As for mastery, it doesn’t spontaneously happen. Don’t ask me why, but people  seem to have a natural tendency to ignore the middle phase when they talk about a particular famous dead writer or fantasize aloud about how easy it would be to write a bestselling novel if they just had the time.

And yet it’s the hard work in journeyman phase that will make or break a writer in becoming a master of the craft.

I think one of the most valuable lessons a writer can do once past the beginner stage is to choose a couple of favorite writers (both living and dead) and read their early works.

So, for example, if you were a huge fan of Charlotte Bronte as a writer, you’d dig up a research book that had her unpublished first writings and probably also a copy of her first novel, The Professor.

Or how about William Shakespeare? Go read his earliest plays (researchers still fight about which play he wrote first, so I’d advise reading several). Then think about how we’d see him now if he’d stopped after those early plays and had never written anything more.

But make sure to also include some favorite recent writers who wrote over a long time frame, twenty years or more.  For example, I went out and bought collections of the early published short stories of three recent writers whose later works I loved to read:  John D. MacDonald’s More Good Stuff, Stephen King’s Night Shift, and James Lee Burke’s The Convict & Other Stories.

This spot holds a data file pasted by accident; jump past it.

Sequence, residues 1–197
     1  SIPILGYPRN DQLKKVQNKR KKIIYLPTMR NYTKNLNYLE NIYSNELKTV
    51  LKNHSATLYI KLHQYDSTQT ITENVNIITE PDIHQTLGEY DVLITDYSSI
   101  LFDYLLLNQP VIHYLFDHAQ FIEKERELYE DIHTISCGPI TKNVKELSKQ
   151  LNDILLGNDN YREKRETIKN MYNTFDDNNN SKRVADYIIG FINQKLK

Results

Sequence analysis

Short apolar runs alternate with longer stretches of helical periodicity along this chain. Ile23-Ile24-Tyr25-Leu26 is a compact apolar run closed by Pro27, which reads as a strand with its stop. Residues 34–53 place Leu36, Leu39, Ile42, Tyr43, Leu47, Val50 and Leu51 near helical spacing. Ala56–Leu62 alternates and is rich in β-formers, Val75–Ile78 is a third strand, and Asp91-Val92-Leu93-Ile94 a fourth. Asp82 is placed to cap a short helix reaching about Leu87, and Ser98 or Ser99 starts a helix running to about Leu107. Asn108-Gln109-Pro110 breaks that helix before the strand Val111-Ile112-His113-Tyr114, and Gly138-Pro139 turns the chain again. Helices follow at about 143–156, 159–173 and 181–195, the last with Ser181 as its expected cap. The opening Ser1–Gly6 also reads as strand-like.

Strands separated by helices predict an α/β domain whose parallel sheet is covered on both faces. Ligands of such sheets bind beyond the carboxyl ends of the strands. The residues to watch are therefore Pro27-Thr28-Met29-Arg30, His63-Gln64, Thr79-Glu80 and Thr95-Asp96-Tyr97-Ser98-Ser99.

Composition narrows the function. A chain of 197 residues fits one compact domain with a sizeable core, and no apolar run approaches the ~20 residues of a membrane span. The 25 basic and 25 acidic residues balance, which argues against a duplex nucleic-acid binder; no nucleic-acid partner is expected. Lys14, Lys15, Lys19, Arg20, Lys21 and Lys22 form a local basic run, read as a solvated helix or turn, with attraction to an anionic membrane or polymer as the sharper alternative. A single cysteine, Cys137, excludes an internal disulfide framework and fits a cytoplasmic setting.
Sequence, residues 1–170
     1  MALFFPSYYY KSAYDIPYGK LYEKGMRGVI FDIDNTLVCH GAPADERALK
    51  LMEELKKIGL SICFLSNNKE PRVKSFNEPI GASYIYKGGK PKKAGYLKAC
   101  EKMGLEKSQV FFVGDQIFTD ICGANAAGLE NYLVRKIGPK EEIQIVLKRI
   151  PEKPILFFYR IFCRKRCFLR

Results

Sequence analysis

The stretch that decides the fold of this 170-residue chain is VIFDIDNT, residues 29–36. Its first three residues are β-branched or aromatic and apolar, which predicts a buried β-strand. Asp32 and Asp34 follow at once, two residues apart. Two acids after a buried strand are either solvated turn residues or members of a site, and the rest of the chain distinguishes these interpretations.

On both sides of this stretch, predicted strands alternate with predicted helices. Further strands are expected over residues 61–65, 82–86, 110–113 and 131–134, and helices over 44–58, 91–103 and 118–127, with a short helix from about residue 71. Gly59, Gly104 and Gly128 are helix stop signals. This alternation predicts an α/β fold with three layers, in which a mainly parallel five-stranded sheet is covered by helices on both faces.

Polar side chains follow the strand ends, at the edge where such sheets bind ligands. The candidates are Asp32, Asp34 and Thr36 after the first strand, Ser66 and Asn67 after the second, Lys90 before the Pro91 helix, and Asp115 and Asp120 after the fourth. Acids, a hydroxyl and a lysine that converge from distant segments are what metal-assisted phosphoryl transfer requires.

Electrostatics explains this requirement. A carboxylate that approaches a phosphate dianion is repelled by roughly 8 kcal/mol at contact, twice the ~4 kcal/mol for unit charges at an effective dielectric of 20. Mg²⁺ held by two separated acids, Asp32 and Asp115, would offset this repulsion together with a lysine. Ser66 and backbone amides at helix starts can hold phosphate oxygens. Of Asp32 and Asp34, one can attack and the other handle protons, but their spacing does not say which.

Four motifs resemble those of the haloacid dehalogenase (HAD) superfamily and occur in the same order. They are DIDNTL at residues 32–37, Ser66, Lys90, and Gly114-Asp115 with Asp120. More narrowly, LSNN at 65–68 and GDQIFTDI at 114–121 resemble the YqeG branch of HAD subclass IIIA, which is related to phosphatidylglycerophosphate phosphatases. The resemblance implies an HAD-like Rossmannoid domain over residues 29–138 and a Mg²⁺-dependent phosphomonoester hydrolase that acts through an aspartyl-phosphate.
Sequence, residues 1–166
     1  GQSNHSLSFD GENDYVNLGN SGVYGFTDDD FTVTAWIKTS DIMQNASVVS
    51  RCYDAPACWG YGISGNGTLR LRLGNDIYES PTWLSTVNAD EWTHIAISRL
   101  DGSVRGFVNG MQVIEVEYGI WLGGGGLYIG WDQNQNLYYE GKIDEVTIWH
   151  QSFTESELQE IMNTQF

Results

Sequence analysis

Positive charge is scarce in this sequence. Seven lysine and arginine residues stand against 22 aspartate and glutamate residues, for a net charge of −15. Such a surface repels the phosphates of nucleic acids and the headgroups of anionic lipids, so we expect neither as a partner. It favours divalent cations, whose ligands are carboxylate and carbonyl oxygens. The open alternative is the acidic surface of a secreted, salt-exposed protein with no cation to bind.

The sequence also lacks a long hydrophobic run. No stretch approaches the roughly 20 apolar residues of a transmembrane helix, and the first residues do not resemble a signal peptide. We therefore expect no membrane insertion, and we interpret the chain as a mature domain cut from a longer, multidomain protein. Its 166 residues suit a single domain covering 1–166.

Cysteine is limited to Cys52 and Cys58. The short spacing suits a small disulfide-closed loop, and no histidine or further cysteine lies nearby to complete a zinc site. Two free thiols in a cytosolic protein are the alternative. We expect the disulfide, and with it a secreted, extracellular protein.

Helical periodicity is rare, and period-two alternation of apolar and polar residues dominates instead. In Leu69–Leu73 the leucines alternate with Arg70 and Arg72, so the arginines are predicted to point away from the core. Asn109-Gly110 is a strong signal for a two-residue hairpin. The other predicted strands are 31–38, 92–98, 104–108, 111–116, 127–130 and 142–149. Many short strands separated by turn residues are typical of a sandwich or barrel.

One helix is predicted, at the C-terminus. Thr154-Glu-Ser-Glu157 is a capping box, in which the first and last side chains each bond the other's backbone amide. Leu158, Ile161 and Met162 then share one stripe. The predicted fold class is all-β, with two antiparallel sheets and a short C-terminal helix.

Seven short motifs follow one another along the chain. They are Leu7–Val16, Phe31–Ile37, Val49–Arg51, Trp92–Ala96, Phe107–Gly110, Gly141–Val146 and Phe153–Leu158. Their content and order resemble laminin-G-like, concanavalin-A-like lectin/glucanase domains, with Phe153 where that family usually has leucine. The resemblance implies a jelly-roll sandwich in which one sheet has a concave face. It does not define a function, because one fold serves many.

This turned out to be an eye-opening exercise for me as I read the unpublished  early works of old greats (such as Jane Austen) and early short stories of favorite present day NYT bestsellers.

Their early works weren’t as well-written as their later works were. They’d gotten better at their craft over time. Big shocker, right?

Of course not.

But I’ve noticed a lot of my fellow Americans like to see their artists as the equivalent of Athena jumping fully formed out of the skull of Zeus. The arts are supposed to be “easy.” You have either “got it” as an artist or you don’t. No hard work, no sweat, no tears, no frustration, no years of dedicated study–as if somehow the arts are different from every other human endeavor.

So reading the early works of these various writers impressed upon me, at a deep gut level, how craft gets better over time as one works at it. Hmm, let me put it bluntly. A few of the early works “sucked.” A few seemed like they showed “no talent.” And yet these writers persevered and became masters of their craft. It would have been a terrible thing if any of these writers had quit during the early days due to a mistaken idea that it was impossible to improve in writing skill.

Every writer starts out a beginner. Where we go from there is up to us.